The proposed regulations provide that an S corporation shareholder who merely acts as a guarantor or in a similar capacity has not created debt basis unless the shareholder actually makes a payment, and then only to the extent of the payment.

Additionally, the IRS notes, some taxpayers have relied on an incorporated pocketbook theory to claim an increase in debt basis in circumstances that involve a loan directly to the S corporation from an entity related to the S corporation shareholder. In these transactions, an S corporation shareholder claims that a transfer from the related entity directly to the shareholder's S corporation was made on the shareholder's behalf and is, in substance, a loan from the related entity to the shareholder, followed by a loan from the shareholder to the S corporation. A limited number of court decisions (e.g., Yates v. Comm'r, T.C. Memo. 2001-280 and Culnen v. Comm'r, T.C. Memo. 2000-139) have allowed shareholders to increase debt basis as a result of incorporated pocketbook transactions. Under the proposed regulations, an incorporated pocketbook transaction increases debt basis only where the transaction creates a bona fide creditor-debtor relationship between the shareholder and the borrowing S corporation.

The proposed regulations only address whether a shareholder has debt basis for purposes of Code Sec. 1366(d)(1)(B) and do not address how to determine the basis of the shareholder's stock in the S corporation. Therefore, the IRS notes, the proposed regulations leave unchanged the conclusion in Rev. Rul. 81-187 that a shareholder of an S corporation does not increase basis in stock upon the contribution of the shareholder's own unsecured demand promissory note to the corporation. According to the IRS, this conclusion is consistent with published guidance and case law in the partnership context that the contribution of the partner's own note will not increase such partner's basis in its partnership interest under Code Sec. 722.

The IRS is considering whether the principal holding of Rev. Rul. 81-187, and the holding of Rev. Rul. 80-235 as it relates to a partner's basis in its partnership interest upon the contribution of the partner's own note, should be issued as regulations. It has considered alternatives to the discussion of the applicable law in those revenue rulings. As one model, the IRS has, with respect to basis calculations in the S corporation and partnership context, considered adopting a rule similar to the one currently in Reg. Sec. 1.704-1(b)(2)(iv)(d)(2). That regulation provides that a partner's capital account is increased with respect to non-readily-tradable partner notes only (1) when there is a taxable disposition of the note by the partnership, or (2) when the partner makes principal payments on the note. The IRS is requesting comments concerning the propriety of this model in the S corporation and the partnership context.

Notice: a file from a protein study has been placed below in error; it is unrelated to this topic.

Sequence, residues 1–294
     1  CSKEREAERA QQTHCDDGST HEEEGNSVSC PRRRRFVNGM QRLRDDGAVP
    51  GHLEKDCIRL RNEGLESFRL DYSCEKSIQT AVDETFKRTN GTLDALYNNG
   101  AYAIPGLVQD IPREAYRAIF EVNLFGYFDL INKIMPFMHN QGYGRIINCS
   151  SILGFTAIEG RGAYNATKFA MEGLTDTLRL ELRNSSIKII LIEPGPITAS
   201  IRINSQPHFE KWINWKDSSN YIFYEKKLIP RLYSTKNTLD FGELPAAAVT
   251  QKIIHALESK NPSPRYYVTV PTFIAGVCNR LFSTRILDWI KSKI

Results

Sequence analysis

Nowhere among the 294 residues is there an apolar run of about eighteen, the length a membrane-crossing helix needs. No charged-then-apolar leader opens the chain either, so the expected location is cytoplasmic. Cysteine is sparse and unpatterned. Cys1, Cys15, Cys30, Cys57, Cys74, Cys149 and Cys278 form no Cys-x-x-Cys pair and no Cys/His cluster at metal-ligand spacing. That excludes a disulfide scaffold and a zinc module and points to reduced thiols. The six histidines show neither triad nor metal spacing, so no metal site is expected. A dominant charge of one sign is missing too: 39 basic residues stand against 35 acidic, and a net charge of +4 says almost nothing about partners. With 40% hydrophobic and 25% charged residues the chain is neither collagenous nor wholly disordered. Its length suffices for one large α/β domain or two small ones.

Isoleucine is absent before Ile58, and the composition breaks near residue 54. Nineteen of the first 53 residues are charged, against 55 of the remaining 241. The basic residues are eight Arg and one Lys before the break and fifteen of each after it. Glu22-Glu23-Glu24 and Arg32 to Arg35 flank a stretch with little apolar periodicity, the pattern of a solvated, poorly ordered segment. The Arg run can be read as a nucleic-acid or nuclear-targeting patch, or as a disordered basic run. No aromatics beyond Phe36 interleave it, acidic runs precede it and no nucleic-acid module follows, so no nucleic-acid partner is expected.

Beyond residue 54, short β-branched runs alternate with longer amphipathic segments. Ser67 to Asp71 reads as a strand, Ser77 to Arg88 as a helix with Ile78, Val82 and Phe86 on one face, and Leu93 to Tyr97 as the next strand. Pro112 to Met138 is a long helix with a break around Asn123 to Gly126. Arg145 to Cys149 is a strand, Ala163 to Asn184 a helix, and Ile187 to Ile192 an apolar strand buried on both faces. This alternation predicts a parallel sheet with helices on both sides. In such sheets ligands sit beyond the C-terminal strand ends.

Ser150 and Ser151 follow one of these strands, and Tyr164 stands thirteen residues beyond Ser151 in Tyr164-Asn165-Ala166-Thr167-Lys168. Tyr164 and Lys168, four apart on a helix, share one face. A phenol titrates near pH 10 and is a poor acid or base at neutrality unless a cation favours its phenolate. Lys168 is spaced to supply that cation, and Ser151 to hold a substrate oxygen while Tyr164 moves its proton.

Parker Tax Publishing Staff Writers


Disclaimer: This publication does not, and is not intended to, provide legal, tax or accounting advice, and readers should consult their tax advisors concerning the application of tax laws to their particular situations. This analysis is not tax advice and is not intended or written to be used, and cannot be used, for purposes of avoiding tax penalties that may be imposed on any taxpayer. The information contained herein is general in nature and based on authorities that are subject to change. Parker Tax Publishing guarantees neither the accuracy nor completeness of any information and is not responsible for any errors or omissions, or for results obtained by others as a result of reliance upon such information. Parker Tax Publishing assumes no obligation to inform the reader of any changes in tax laws or other factors that could affect information contained herein.